Buying A Crappy 1990s Jeep Has Historically Proved To Be A Great Career Move

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Art: Justin Westbrook
Art: Justin Westbrook
Image: JerryRigEverything, OklahomaHorizonTV, David Tracy

Wait wait wait! Don’t “x” out of your browser yet. I know you read the headline and thought “This is total bullshit.” But hear me out! I believe that buying a junky 1990s-era Jeep is the ultimate career jumpstarter, and I have concrete examples to prove it.

Recently, while browsing YouTube, I came across the story of Porsha Lippincott, an Oklahoma aircraft technician who, when she was younger, dropped out of high school and lived in a cardboard box while working at Sonic. How did she get out of that situation? Well, for one, she got help from a counselor at a local high school. That counselor got Lippencott in touch with a homeless shelter, who gave the teen an apartment to stay in as she finished up her high school degree.

But the real turning point happened when she bought a crappy 1993 Jeep Grand Cherokee.

“It had like seven different colors going on. But I was okay with it. I paid $1,000 for it,” Lippencott says in the YouTube video above by OklahomaHorizonTV, before mentioning that the Jeep had a bad fuel gauge and other janky qualities, but it did run.


“But as the time went on, my car...started to break down, and then one day, it just didn’t start at all,” she continues. The mechanic says in the clip that she took the car to a shop and received a $1,907 estimate to replace the oil pan gasket. That was way too much money, so Lippencott took to YouTube to see how hard replacing the gasket really was.

“That’s the most ridiculous thing ever. I could do this!” she concluded after seeing that swapping the gasket simply required draining the Jeep’s oil, removing a bunch of little bolts, and scraping an old gasket before throwing a new one on.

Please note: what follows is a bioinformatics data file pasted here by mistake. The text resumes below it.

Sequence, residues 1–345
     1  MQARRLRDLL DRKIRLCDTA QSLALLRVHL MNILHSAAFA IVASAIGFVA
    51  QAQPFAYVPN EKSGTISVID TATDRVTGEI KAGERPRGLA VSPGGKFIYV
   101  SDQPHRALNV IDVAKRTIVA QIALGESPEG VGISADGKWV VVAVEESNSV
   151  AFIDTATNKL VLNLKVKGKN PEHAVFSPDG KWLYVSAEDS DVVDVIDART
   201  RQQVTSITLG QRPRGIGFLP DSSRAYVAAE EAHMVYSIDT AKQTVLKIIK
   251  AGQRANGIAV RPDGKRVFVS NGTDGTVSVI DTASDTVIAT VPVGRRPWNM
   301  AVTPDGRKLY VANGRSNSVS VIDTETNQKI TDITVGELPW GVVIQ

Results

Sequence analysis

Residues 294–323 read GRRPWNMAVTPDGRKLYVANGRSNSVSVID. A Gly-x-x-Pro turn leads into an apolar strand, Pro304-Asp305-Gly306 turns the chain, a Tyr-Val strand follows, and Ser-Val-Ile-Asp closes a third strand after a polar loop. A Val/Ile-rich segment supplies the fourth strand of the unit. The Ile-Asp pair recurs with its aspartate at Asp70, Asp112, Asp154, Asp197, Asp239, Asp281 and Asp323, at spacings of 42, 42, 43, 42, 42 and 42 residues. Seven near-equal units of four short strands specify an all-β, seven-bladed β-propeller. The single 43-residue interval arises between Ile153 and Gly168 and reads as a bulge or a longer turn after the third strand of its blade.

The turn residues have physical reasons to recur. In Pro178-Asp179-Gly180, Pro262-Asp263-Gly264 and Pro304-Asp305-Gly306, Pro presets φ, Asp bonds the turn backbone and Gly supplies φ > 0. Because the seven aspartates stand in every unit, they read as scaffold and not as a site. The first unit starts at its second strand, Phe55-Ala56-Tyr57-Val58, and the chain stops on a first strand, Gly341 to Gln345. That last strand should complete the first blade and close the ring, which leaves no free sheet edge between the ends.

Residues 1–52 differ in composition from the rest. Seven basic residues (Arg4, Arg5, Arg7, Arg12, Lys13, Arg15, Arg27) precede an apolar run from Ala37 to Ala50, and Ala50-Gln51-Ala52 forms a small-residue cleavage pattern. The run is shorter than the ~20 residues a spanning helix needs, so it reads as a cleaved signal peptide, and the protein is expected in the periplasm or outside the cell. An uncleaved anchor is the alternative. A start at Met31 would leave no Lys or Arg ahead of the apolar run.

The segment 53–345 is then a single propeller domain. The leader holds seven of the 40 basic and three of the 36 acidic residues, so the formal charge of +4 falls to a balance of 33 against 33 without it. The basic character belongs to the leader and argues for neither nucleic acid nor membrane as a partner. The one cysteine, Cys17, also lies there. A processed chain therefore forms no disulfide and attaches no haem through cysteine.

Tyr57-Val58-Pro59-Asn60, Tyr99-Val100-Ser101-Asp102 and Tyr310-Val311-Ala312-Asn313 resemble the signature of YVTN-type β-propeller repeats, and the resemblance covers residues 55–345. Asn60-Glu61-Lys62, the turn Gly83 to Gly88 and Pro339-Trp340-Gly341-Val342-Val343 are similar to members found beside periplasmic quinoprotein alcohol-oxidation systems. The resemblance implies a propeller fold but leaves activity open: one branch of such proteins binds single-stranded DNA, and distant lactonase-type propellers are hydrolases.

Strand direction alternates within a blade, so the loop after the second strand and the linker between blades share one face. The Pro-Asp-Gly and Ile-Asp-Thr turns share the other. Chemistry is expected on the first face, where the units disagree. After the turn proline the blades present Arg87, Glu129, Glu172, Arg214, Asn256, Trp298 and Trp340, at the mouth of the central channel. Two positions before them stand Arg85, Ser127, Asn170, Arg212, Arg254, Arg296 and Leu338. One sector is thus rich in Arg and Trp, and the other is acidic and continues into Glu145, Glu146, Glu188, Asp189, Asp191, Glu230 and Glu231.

Though it took her a while (since she was a novice) Lippencott managed the job on her own. I bet there’s more to the story — since $1,907 for an oil pan gasket is egregious, and because Lippencott says the car ran better than before, which is odd since an oil pan gasket really shouldn’t affect how a car runs (maybe it was the fresh oil?) — but in any case, this wrenching experience on a crappy old Jeep changed Lippencott’s life.

It started her down the road to become an aircraft technician. Oklahoma CareerTech, an organization devoted to helping workers in the state get the training they need to build strong careers, describes how far Lippencott has come since the Jeep breakdown:

When that car broke down, she taught herself how to repair it. That motivated her to enroll in Moore Norman’s automotive technician training program after graduation. After completing that program she:

  • Earned her ASE certification.
  • Was referred to the aviation maintenance technician program at Metro Technology Centers.